What Causes Chickens To Have Diarrhea

What Causes Chickens To Have Diarrhea


Diarrhoea is a prevalent health issue in chickens that can be indicative of various underlying problems. While occasional irregular droppings are normal, consistent and persistent diarrhoea in backyard chickens requires attention and appropriate treatment. In this comprehensive post, we will explore the causes of chicken diarrhoea, how to differentiate it from normal droppings, common symptoms, and essential prevention and treatment methods. Understanding these aspects will help chicken keepers maintain the health and well-being of their flock.

Diarrhoea in Backyard Chickens

Diarrhoea is a common indicator of health issues in chickens. While the odd “strange poo” is normal, consistent diarrhoea needs investigation and treatment. Diarrhoea in chickens is characterized by constantly liquid poos, very watery or runny poos, poo containing blood, pus, worms, etc., and a constantly dirty butt with feathers caked in droppings.

Differentiating Normal Poo from Diarrhoea

Many new chicken keepers mistake completely normal chicken poo for diarrhoea. Caecal poos are not diarrhoea and are completely normal. They are pasty droppings, usually black or brown in colour, sticky, smelly, and more homogenous than “normal” chicken poo. Caecal poos should make up about 1/3 of droppings.

Symptoms of Illness Alongside Diarrhoea

Other symptoms may accompany diarrhoea in chickens, such as lethargy, poor appetite, weight loss, and ruffled or puffed up feathers.

Causes of Chicken Diarrhea

Chickens can develop diarrhoea due to various factors, including:

  • Worms
  • Viruses (such as rotavirus and adenovirus)
  • Bacterial infections
  • Kidney damage
  • A feed too high in protein
  • Poor feeding

Other illnesses that have diarrhoea as a symptom include:

  • Coccidiosis – a protozoan disease caused by poor hygiene and sanitation.
  • Fowl cholera (Pasteurellosis) – a bacterial infection causing severe diarrhea, breathing problems, loss of appetite, blue combs, and wattles.
  • Marek’s disease – a viral disease leading to paralysis of wings or legs.
  • Coryza – a disease with symptoms like swollen watery eyes, closed eyes, nasal discharge, labored breathing, and decreased egg production.
  • Newcastle disease – a highly contagious viral disease causing respiratory stress, lack of appetite, green diarrhea, nervous symptoms, and high mortality.
  • Gumboro disease – a viral disease affecting young chickens, causing diarrhea, sleepiness, depression, ruffled feathers, and trembling of the head.
  • Salmonella – affecting chicks and adults, spread through contaminated feed, water, and feces.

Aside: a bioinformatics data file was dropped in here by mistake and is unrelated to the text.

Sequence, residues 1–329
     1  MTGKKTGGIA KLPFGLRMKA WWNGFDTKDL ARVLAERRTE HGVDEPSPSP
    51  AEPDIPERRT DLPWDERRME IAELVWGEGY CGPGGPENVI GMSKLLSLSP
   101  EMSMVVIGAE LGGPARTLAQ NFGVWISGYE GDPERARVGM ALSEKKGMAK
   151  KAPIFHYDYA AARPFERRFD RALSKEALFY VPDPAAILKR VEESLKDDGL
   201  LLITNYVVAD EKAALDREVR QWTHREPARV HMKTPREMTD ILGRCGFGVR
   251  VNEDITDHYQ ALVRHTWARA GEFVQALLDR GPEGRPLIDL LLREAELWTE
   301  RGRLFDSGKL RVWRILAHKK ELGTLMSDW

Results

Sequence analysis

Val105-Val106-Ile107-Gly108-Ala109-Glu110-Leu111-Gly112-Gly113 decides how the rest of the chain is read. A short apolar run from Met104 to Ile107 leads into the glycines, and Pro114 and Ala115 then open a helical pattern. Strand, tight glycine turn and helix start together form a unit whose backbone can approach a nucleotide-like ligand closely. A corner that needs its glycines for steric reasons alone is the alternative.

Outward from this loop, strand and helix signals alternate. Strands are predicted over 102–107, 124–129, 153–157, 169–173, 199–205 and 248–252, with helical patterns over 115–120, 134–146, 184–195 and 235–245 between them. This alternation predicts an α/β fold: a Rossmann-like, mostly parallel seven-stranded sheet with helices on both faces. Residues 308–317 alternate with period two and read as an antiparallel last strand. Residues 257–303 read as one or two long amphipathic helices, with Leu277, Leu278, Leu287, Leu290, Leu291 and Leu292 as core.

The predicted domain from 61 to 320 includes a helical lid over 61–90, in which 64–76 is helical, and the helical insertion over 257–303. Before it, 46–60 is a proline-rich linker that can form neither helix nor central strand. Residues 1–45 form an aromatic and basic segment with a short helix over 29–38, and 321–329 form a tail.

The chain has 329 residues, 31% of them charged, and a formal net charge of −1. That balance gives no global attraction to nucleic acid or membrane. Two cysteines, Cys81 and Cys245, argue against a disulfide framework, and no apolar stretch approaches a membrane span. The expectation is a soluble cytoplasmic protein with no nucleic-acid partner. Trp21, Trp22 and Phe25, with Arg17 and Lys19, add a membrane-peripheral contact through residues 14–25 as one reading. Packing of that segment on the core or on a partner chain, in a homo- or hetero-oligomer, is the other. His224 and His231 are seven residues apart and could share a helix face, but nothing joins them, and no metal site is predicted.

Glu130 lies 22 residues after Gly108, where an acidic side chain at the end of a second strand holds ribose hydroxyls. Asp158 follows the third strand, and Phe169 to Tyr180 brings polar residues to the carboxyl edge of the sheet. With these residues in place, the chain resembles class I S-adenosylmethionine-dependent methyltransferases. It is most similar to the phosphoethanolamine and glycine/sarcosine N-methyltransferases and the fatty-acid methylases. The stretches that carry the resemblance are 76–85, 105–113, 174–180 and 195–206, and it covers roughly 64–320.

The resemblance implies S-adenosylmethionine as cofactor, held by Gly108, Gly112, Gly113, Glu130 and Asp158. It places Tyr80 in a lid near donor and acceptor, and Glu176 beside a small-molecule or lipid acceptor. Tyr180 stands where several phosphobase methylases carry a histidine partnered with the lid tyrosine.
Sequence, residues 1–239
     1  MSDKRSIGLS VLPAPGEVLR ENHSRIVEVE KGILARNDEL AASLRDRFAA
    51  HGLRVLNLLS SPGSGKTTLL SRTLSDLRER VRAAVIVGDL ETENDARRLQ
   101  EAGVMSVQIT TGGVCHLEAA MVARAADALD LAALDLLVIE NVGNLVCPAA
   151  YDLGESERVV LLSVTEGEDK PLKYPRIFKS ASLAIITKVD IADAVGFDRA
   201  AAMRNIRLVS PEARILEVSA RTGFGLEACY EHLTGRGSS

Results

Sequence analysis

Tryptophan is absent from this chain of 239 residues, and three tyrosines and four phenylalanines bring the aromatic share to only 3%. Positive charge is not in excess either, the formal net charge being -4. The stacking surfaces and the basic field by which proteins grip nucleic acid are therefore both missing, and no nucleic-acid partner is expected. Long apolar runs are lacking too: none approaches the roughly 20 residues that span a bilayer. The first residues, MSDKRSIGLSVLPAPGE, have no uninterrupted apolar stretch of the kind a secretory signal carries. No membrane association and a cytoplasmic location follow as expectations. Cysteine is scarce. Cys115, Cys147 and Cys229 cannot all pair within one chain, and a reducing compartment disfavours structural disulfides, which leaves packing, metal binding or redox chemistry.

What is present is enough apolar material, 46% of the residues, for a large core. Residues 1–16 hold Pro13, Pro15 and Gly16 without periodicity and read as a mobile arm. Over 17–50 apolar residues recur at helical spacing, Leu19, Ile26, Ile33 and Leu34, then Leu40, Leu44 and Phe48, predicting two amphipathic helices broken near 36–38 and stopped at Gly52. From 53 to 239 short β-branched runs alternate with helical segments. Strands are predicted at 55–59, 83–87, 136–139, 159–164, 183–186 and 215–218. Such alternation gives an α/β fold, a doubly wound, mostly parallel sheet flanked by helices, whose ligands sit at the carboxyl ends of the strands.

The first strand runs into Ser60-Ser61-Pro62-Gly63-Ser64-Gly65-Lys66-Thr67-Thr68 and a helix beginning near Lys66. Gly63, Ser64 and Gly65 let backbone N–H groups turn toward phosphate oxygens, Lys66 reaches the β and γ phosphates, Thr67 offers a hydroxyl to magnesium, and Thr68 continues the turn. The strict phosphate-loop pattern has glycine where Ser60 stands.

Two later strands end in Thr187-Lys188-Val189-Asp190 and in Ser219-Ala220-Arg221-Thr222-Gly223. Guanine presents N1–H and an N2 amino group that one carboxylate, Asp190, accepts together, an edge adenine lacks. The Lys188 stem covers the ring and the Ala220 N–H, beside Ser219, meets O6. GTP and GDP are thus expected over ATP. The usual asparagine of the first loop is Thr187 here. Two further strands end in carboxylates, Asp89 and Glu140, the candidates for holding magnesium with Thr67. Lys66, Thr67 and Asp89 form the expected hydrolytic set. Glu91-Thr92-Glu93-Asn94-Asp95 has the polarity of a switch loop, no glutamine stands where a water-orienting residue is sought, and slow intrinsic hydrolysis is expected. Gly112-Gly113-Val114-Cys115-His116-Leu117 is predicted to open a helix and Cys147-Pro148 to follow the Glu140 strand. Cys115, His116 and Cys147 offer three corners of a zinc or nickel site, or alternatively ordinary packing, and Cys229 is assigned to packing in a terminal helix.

Preventing and Treating Diarrhoea in Chickens

The best way to prevent diarrhoea is to address the underlying problem causing it. Maintain a clean coop and practice good biosecurity to prevent issues. Using probiotics and ACV (apple cider vinegar) in drinking water may improve the immune response to common diarrhoea-causing parasites and diseases. Avian electrolytes can help prevent diarrhoea caused by heat stress during hot weather. Treatment depends on identifying the cause, and birds should be dosed with probiotics and ACV to potentially help fight off the illness and prevent its spread. It is not recommended to use antibiotics or medications without a conclusive diagnosis and veterinary advice to avoid contributing to antibiotic resistance.

FAQ: Frequently Asked Questions about Chicken Diarrhea

Q1: What is the difference between normal chicken poo and diarrhoea?

A1: Normal chicken droppings may vary in consistency and color, but they are generally well-formed and relatively dry. On the other hand, diarrhoea in chickens is characterized by constantly liquid or very watery droppings, sometimes containing blood, pus, or worms, and a consistently dirty butt with feathers caked in droppings.

Q2: What are some common symptoms of illness that may accompany chicken diarrhoea?

A2: Chickens experiencing diarrhoea may exhibit other symptoms, such as lethargy, poor appetite, weight loss, and ruffled or puffed up feathers. These signs often indicate an underlying health issue that requires attention.

Q3: What are the possible causes of chicken diarrhoea?

A3: Chicken diarrhoea can be caused by various factors, including heat stress, coccidiosis, worm infestations, excess salt intake, Marek’s disease, E. coli infection, avian leukosis, avian intestinal spirochetosis, avian tuberculosis, fowl cholera, and infectious coryza. Identifying the specific cause is crucial for appropriate treatment.

Q4: How can chicken keepers prevent and treat diarrhoea in their flock?

A4: Preventing diarrhoea involves maintaining a clean coop, practicing good biosecurity, and using probiotics and apple cider vinegar (ACV) in drinking water to boost immune response. Treating diarrhoea depends on identifying the underlying cause. Probiotics and ACV can be given to birds to aid in fighting off the illness, but using antibiotics or medications without a conclusive diagnosis and veterinary advice is discouraged to avoid contributing to antibiotic resistance.


Diarrhoea in backyard chickens is not to be ignored, as it can be an indication of various health issues affecting the flock. By understanding the different causes, recognizing the symptoms, and implementing preventive measures, chicken keepers can maintain the well-being of their feathered friends. If diarrhoea persists or becomes severe, it is crucial to seek veterinary advice for accurate diagnosis and appropriate treatment. By providing proper care and attention, chicken owners can ensure their flock remains healthy and thriving.

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